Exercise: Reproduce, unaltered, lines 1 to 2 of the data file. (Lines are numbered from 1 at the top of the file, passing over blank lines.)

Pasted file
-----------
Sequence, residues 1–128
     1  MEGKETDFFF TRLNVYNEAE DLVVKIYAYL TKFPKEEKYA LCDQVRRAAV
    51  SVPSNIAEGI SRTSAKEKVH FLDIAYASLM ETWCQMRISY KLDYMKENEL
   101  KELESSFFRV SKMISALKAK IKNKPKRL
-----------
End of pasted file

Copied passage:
Sequence, residues 1–128
     1  MEGKETDFFF TRLNVYNEAE DLVVKIYAYL TKFPKEEKYA LCDQVRRAAV